Dec 9, 2017 | By Julia

You might know Toshiba best for its product line of home electronics: quality laptops, televisions, and home entertainment systems have made the Japanese manufacturing giant a household name around the world. The company’s most recent venture, then, may come as somewhat of a surprise: Toshiba’s new Open Nail project seeks to provide custom-made false nails perfectly contoured to your nail shape via 3D image recognition and 3D printing technology.

Here’s how it works: using Toshiba’s image recognition software, shapes and contours of each finger nail are read, which are then used to generate data of each user’s set of nails. The data is stored in a cloud system, before reaching a 3D printer, which is used to print the customized false nails. Afterward, these printed false nails are decorated by michi’s nail artists, and sent to the customer.

“What we’re aiming for are perfectly fitted nails,” says Yasuko Chigira of Toshiba’s Technology Planning Office. “To accomplish that, the software has to be able to ‘read’ the image of the nails extremely accurately, down to the tenths of a millimeter. Which is why we need such high-level image recognition and processing technology,” Chigira adds.

Supported under the Toshiba Startup umbrella, the company’s in-house startup program, The Open Nail project was created in partnership with false nails supplier michi co. As is the case with virtually all Toshiba products, the idea is to cater to as wide an audience as possible. For this project, that means men, too.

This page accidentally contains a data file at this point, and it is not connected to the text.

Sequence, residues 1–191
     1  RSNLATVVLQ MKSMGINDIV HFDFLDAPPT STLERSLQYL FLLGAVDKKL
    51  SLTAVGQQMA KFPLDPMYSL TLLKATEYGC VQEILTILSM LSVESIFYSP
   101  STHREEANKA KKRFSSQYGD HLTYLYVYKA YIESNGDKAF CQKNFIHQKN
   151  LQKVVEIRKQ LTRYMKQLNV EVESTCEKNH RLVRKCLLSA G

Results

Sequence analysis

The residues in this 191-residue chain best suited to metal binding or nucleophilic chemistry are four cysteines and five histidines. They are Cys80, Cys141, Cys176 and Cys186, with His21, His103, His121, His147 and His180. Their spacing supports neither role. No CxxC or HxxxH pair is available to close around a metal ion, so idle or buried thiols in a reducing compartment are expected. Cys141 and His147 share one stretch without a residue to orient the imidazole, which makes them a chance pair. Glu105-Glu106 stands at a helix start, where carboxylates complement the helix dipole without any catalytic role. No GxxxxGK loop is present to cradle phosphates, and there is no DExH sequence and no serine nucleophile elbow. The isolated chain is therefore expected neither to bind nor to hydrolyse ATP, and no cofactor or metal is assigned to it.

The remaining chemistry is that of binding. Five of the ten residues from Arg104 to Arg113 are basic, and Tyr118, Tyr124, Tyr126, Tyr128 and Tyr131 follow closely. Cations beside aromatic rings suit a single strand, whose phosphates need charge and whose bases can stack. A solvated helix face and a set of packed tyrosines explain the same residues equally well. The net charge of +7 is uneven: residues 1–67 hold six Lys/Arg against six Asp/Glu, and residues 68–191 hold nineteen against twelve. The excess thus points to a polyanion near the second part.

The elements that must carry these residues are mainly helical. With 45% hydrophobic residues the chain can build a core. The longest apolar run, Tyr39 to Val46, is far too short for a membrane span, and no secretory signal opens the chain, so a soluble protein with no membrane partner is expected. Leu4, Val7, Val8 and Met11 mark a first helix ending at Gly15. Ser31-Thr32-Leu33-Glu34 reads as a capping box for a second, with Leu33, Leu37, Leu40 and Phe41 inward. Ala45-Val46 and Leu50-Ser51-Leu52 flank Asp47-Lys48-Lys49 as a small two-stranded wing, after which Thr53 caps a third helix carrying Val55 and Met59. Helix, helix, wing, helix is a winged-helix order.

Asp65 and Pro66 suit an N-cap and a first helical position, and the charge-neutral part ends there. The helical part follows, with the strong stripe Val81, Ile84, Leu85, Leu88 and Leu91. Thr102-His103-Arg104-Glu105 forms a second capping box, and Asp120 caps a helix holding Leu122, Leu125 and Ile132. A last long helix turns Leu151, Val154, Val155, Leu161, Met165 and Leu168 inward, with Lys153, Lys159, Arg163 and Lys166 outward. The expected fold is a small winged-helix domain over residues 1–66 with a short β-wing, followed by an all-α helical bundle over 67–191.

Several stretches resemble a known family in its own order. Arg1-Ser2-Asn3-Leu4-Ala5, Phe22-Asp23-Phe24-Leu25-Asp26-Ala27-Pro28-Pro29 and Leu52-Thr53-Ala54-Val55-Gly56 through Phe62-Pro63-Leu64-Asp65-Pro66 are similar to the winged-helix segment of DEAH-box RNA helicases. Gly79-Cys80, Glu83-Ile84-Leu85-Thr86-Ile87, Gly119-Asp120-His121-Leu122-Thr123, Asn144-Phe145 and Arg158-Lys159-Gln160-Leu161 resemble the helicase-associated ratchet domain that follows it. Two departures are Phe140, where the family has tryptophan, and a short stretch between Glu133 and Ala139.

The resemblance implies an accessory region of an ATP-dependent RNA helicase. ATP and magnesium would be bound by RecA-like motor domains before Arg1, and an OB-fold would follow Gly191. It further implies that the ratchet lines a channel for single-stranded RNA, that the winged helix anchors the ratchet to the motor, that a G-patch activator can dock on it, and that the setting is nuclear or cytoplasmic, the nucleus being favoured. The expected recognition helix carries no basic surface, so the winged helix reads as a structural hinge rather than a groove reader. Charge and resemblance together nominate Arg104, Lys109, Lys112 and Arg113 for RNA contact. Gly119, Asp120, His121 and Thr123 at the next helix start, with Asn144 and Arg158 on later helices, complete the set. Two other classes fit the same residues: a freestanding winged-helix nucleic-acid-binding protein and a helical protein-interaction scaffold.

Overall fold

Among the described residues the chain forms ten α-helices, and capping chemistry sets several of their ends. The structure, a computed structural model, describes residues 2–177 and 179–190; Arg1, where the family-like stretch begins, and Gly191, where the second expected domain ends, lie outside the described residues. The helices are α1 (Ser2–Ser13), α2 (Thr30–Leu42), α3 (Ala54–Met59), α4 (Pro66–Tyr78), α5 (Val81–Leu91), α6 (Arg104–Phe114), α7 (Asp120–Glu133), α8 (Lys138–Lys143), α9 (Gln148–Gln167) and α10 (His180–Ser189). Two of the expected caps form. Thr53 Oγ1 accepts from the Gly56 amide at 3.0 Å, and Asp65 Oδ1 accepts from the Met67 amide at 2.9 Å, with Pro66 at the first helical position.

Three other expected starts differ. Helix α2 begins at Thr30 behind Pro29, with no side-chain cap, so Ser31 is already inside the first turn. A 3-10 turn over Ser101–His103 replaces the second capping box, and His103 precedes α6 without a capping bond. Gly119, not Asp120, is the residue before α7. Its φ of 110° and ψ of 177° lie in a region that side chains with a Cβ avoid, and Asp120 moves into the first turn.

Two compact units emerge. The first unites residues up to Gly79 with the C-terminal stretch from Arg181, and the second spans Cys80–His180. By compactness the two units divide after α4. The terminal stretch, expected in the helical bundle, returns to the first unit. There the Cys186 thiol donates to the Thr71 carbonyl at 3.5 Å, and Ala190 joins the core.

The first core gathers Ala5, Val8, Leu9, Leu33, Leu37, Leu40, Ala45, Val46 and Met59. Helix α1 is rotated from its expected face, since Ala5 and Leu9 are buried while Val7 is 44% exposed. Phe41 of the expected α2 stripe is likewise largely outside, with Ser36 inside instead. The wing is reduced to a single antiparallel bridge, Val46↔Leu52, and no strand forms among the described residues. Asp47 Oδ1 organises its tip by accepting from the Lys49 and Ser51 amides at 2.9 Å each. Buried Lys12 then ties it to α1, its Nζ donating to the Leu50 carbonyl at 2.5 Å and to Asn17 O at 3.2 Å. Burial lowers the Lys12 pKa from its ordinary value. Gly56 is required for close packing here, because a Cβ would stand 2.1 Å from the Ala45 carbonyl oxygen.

“Yes, men will want in on this concept as well,” says michi co. CEO Shun Nakazaki. “There’s something about applying a manicure or getting gel nails—something about the act of painting with a little brush—that seems feminine.” Yet given the male market’s typically positive response to electronics and 3D printing, the Open Nail representatives are optimistic that selling false nails to men can be a lucrative business proposition. “If you think about the possibility of ingraining IC chips into them, turning them into IoT devices of sorts, the idea of promoting this item to men does not seem as far-fetched,” notes Nakazaki.

Future applications could include LCD displays on the nail surfaces, or even embedding health-monitoring technology in the product itself. As an Internet of Things (IoT) platform in the long term, the possibilities could be virtually endless. In the short term, however, the Open Nails team is keen to highlight the beauty benefits of a customized fitting nail: “think Cinderella’s glass slippers, but on your fingertips.”



Posted in 3D Printing Application



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